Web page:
Oh well.

That said, I do appreciate the responses…

Have a good one…

The mechanisms we use for learning our first language as a child and for learning subsequent language as older children/adults are completely different. It’s the difference between learning to walk vs. learning to play the piano: one is an instinctive drive, one is a skill that we learn as we learn other skills. There are some similarities but in general, completely different mechanisms.

That said, I shouldn’t wonder that there are different aptitudes from person to person, and a lot of it depends on how much you are exposed to other languages as a child (the earlier you learn your second language, the better, not only for that language but for all subsequent ones); but it would surprise me that someone would be completely incapable of learning a second language in ideal conditions after seriously applying himself/herself.

According to Why Michael Couldn’t Hit: And Other Tales of the Neurology of Sports, by Harold Klawens, there is a time when the brain is ripe for learning various things. In the case of language it’s pre-puberty, the earlier the better. There are cases of neglected and/or abused children rescued after puberty who were unable to learn more than a few words, and who never were able to create sentences. In other cases, it seemed that the younger the child, the more complete the recovery.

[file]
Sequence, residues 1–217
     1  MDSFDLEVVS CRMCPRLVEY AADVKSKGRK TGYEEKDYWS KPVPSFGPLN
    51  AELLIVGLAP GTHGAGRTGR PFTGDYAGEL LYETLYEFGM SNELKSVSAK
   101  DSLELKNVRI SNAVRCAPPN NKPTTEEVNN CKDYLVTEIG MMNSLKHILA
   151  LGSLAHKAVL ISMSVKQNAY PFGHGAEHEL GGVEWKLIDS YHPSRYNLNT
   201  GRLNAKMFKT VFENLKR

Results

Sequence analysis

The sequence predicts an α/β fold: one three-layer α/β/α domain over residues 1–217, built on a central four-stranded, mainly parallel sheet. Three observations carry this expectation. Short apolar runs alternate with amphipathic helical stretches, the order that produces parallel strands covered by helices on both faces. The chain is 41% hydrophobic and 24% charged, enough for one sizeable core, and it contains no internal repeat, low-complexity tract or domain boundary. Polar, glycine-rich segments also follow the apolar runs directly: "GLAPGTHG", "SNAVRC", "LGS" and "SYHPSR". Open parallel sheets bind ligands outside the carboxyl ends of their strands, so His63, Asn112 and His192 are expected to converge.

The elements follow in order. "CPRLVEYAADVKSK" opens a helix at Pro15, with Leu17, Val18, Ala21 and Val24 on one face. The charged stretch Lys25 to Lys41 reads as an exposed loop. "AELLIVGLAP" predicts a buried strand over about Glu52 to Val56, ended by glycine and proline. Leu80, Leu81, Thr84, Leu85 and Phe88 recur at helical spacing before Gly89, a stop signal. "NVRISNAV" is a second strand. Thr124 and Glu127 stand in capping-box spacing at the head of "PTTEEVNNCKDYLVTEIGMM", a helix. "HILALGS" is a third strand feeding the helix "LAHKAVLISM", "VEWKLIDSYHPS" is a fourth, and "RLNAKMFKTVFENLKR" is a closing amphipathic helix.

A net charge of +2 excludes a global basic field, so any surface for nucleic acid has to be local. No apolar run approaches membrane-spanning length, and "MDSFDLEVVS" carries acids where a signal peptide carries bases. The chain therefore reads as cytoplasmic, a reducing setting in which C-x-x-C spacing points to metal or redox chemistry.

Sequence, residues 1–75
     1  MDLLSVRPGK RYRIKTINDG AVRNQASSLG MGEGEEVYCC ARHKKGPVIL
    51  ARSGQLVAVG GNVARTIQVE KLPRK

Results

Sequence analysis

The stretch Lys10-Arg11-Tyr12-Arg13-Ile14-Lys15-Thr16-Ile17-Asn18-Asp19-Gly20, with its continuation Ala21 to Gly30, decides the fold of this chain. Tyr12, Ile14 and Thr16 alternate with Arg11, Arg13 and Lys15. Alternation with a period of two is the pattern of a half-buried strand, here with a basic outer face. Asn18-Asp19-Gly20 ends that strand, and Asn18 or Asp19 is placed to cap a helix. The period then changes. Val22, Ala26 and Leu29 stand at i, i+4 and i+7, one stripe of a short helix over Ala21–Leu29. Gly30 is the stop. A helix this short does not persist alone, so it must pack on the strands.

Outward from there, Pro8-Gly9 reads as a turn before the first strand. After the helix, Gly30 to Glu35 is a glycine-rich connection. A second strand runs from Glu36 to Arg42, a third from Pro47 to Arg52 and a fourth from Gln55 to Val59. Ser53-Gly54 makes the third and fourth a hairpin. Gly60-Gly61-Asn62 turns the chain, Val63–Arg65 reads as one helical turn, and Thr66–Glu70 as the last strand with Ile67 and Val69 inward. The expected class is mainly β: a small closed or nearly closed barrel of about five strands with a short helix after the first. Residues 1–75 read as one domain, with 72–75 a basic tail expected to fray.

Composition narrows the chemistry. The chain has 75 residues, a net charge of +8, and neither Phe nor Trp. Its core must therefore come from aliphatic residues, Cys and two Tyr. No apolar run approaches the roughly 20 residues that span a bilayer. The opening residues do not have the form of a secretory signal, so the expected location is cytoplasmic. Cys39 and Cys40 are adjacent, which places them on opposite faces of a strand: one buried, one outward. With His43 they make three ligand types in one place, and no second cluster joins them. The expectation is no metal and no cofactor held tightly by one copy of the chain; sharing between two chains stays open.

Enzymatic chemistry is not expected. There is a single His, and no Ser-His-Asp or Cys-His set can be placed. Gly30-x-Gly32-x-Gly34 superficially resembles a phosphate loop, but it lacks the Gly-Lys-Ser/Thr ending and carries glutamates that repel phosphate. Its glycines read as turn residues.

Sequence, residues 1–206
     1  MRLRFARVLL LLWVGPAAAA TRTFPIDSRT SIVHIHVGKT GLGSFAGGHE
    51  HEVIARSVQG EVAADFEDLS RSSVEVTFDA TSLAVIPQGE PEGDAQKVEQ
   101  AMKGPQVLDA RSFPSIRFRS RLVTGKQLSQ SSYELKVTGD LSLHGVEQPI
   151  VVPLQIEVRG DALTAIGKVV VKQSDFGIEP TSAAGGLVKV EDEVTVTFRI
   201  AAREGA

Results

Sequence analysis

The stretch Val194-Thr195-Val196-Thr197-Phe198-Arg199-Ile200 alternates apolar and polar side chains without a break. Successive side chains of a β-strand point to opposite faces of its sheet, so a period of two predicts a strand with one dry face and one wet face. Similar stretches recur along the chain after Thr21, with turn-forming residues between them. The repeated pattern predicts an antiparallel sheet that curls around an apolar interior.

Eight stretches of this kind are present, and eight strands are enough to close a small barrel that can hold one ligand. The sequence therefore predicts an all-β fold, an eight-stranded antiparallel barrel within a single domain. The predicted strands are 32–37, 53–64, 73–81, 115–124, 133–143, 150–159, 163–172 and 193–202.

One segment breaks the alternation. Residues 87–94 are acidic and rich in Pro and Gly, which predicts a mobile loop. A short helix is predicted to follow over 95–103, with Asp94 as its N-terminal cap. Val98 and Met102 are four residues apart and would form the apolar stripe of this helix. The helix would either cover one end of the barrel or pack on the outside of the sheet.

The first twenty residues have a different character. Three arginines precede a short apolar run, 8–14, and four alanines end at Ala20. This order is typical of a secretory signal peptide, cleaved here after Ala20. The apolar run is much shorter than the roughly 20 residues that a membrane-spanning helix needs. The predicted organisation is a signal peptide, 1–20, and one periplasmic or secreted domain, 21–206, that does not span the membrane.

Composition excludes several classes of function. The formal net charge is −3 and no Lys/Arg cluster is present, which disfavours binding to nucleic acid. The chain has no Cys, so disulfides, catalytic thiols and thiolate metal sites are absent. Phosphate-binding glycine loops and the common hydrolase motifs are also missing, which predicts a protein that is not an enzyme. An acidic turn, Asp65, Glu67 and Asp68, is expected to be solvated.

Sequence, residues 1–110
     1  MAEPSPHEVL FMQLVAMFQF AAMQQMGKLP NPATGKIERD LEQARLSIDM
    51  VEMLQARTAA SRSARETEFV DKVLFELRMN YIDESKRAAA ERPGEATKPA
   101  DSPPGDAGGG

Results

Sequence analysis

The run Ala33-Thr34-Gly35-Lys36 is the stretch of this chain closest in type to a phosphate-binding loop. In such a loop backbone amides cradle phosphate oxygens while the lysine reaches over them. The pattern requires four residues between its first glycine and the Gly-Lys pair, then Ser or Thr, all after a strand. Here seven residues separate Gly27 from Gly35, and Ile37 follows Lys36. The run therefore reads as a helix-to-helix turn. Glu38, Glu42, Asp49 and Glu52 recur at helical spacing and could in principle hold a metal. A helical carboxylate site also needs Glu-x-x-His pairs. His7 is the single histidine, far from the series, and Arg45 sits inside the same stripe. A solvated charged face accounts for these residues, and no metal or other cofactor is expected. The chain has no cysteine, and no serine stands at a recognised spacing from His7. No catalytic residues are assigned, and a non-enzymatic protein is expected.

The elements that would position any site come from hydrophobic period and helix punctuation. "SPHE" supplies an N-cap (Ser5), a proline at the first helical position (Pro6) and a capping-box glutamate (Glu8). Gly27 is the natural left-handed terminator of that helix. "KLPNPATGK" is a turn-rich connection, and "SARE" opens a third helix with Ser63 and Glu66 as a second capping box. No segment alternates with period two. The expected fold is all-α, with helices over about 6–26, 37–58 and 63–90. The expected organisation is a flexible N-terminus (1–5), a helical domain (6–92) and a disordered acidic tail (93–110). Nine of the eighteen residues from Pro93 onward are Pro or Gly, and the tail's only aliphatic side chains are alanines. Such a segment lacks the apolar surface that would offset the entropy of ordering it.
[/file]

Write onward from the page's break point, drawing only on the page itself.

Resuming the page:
Again, according to Klawens, a normal preschool child can readily learn several languages with ease. After puberty, it becomes harder and if a second language is acquired it is not usually with the same fluency and ease as the first one was.

The same appears to be true of the motor and visual skills needed for sports excellency (thus the book’s title). Michael Jordan, while an extraordinarily accomplished basketball player, was unable to acquire the necessary skills for a major league baseball.

I took Spanish in fourth grade for a year, then didn’t do anything with any foreign languages at all until high school. In high school, I took two years of Latin (VERY easy and fun for me!), then two years of French. I liked French so much that I decided to major in it in college, then went onto get an MA and and ABD in French Linguistics.